Bringing Emotional First Aid and Hope to Haiti

Dr. Judy Kuriansky, an expert in post-disaster comfort care, shares insights of hope from her “emotional first aid” mission in Haiti.

BY: Judy Kuriansky, Ph.D

dr judy training boy scouts haiti
 

This leading American clinical psychologist was one of the first mental health experts on the scene after the Haitian quake. She shares her inspiring journey of training Haitian helpers to comfort survivors.

See Dr. Judy's photo gallery of images from Haiti.

Within five days of the news of the tragic earthquake, Father Wismick Jean Charles and I jumped on a Jet Blue plane landing first in Santo Domingo, the capital of the Dominican Republic, where we caught a six-hour bus ride to Port-au-Prince. With all the tragic news about people being buried in the rubble, Father Wismick, a Haitian-born Catholic priest, had to see if we could retrieve the bodies of 10 of the young priests whom he had trained. He’d learned that they were trapped in the rubble of a school building that collapsed. Sadly, we were unable to retrieve their remains.

We came with five suitcases stuffed with medical supplies to deliver to a local hospital. We also planned to set up a system to offer “psychological first aid” to the Haitians who were suffering emotionally as well as physically. We set up camp at St. Louis King of France Church, a parish in Port-au-Prince related to Father Wismick’s order, and stayed along with hundreds of parishioners in open air or under a tent in the churchyard. Like thousands of survivors in Haiti, we lived without running water, showers, or comforts. Food was scarce; fortunately the priests and nuns fed us rice and beans twice.

I had been to Haiti just a few months earlier with Father Wismick to oversee the development of a community center being built in his native village, Petites Desdunes, about four and a half hours from Port-au-Prince. It had been ravaged by the recent floods. As the main representative to the United Nations for a non-governmental organization, The International Association of Applied Psychology, I have been involved with many projects aimed at implementing the UN Millennium Development Goals, including efforts to eradicate poverty and AIDS, provide education, and combat violence. A year ago, we invited Father Wismick to join our team, and we committed to support his efforts in Haiti. Now in New York while attending Fordham University to get his Ph.D. before going back to Haiti, Father Wismick has become a cherished friend and colleague whose work I admire.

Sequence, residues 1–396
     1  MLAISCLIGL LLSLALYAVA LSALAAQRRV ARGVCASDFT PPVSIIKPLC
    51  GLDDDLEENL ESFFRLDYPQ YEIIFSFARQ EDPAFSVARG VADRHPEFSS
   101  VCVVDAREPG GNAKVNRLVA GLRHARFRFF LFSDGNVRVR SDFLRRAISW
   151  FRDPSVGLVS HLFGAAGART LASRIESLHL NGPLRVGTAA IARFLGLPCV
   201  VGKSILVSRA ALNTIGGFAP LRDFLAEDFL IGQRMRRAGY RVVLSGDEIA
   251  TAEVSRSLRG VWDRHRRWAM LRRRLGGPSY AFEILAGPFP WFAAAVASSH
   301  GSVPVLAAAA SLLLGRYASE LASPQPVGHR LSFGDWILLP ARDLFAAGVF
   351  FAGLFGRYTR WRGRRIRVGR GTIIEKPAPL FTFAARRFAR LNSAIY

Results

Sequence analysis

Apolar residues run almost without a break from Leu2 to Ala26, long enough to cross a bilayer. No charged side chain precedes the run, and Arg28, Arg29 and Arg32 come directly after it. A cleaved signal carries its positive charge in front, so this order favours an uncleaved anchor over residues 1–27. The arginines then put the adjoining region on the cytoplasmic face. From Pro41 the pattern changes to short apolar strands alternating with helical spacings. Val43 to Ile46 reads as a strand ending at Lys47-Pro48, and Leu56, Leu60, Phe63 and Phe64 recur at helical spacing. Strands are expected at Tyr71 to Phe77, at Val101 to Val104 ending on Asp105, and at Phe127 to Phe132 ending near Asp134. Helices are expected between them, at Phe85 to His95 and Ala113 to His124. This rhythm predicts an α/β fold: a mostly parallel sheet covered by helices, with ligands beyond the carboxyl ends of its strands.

On the previous trip, we were enthusiastic and optimistic about building a brighter future for Haiti. The quake set all these efforts back dramatically and tragically, but made us instantly determined to go on a mission there, despite the dangers, to bring some healing and hope into the desperate situation. Once there, Father Wismick conducted many powerful prayer services, and we trained a group of young Haitians in a comfort program I designed to help others in dire need.

The scene upon arriving at Port-au-Prince was surreal, more terrible than what we had seen on TV. Imagine downtown New York, Paris, Shanghai, or Hanoi in ruins; that’s how the center of town looked. The earth may have shaken from beneath, but buildings collapsed as if bombed from above. Cars, schools, businesses, and people were trapped underneath the rubble, encased in a silent tomb. Instead of houses, people were living side by side on blankets, brushing their teeth, washing their clothes, staring into nothingness, and sleeping on those blankets which staked their territory as a home.

I have worked at countless disaster sites in my life—9/11 in New York, the tsunami in Sri Lanka, Hurricane Katrina, an earthquake in Australia, bombings in Israel, and many others. But the devastation of the Haitian society was pervasive, with all aspects of society--education, government, religious, and other institutions of daily life, from day care centers to shops--destroyed. Whatever amount of time it would have taken for this impoverished country to get on its feet before, it would now require generations.

At first glance, people appeared to be coping, going about life, washing, praying, even selling goods in frenzied markets, but blank stares revealed the stage of shock that always comes in the immediate aftermath of a disaster. Research shows that even in resilient cultures, people suffer emotionally from the losses, especially when those losses are so pervasive. And even if most people in a culture are skeptical of talking about feelings, there are those who find it helpful. For example, as soon as one family heard that a priest and a psychologist were in the churchyard, the dad of a teen who had pulled herself out of the rubble, asked for a “session.” Many of the parishioners who were not familiar with exploring deeper emotions welcomed the opportunity to explore the meaning of this terrible event. One such person was the psychologist in our church campground, Bob, who referred poignantly to his reliance on Viktor Frankl’s "logotherapy"--a search for meaning in the midst of total disaster--which was the only way Frankl survived the holocaust.

Extensive social psychological research about coping with grief and disaster identifies that after shock, the next phases bring out anger and depression, until reaching acceptance. This will undoubtedly happen as time and daily difficulties challenge the people of Haiti. But despite so many shocking sights and sounds, during my week-long mission in Haiti I also saw glimmers of hope.

Continued on page 2: Unselfish Helpers »

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